DUBLIN (Reuters) - Irish central bank governor Philip Lane urged the government on Friday to consider running a substantial fiscal surplus in the coming years, putting money aside and paying down debt to guard against the economy overheating.
Ireland's economy has grown faster than any other in the European Union for the last three years and is showing few signs of slowing down, prompting policymakers to warn that it could overheat in the coming years if falling unemployment leads to excessive price and wage pressures.
The government, central bank and independent fiscal watchdog all agree that, although the jobless rate has fallen sharply to 6.3 percent, the economy is not overheating at present, with overall inflation flat for over three years.
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"Although this may not be an immediate issue in relation to budget 2018, determining the counter-cyclical fiscal stance may be quite relevant for subsequent budgets if the economy hits full employment," Lane said in his annual pre-budget letter to Finance Minister Paschal Donohoe, published on Friday.
"The development of a counter-cyclical fiscal strategy should also strike the balance in the allocation of surplus revenues between the proposed rainy day fund and reducing the gross stock of public debt."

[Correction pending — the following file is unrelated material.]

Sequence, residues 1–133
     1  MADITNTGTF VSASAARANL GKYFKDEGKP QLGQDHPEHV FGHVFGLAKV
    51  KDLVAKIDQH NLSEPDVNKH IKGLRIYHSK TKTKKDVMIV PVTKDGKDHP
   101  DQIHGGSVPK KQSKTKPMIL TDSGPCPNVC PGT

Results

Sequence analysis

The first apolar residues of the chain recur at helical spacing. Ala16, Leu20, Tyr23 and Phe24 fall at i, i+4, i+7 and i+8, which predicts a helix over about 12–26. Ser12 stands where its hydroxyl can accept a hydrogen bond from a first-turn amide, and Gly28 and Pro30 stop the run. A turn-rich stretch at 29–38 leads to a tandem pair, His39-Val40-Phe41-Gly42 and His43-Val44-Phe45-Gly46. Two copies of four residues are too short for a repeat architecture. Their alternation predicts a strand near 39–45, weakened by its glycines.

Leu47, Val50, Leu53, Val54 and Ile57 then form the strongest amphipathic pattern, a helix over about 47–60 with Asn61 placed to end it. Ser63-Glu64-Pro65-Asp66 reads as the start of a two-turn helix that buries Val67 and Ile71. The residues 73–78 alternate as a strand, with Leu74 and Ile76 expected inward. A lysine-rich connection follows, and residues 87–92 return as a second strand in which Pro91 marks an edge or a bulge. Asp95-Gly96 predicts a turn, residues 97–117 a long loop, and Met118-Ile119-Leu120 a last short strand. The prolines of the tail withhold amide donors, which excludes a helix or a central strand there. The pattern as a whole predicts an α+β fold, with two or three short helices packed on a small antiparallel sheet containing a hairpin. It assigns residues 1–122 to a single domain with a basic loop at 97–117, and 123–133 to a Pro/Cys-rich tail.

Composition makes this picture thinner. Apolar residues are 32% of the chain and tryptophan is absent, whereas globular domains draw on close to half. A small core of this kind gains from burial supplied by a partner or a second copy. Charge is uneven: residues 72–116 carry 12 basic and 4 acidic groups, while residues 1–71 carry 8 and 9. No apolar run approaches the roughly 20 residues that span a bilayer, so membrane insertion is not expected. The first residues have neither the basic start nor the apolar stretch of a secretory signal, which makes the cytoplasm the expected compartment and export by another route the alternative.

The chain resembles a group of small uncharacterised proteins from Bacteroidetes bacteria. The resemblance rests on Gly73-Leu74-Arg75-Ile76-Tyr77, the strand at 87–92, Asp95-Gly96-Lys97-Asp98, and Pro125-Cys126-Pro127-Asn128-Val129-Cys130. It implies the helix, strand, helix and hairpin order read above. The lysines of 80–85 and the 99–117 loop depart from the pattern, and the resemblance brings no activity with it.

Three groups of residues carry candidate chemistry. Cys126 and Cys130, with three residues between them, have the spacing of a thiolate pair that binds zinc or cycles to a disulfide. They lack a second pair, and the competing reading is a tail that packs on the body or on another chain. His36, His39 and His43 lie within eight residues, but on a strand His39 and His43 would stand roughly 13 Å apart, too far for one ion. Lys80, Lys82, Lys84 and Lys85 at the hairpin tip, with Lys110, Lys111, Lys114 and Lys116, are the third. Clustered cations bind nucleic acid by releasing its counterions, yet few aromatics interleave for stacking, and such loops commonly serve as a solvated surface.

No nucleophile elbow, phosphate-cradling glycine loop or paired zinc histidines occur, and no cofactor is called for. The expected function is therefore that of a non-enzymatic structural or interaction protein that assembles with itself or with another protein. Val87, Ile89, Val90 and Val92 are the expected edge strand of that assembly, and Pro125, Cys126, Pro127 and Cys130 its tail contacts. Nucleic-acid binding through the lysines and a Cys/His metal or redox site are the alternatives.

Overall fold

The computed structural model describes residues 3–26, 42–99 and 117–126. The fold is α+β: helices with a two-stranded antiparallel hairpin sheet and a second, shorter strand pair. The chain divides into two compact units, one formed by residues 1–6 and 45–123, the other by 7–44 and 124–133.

Lane added that, while the near and medium-term projections for the Irish economy are for significant expansion, risks to growth remain clearly tilted to the downside at both European and domestic levels.
High levels of public and private debt also make the Irish economy vulnerable to future interest rate rises and upside shocks from overheating risks, he said.
Ireland's public debt stood at 75.4 percent of GDP at the end of 2016. The government forecasts it will fall to 62.6 percent by 2021.
(Reporting by Padraic Halpin; Editing by Kevin Liffey)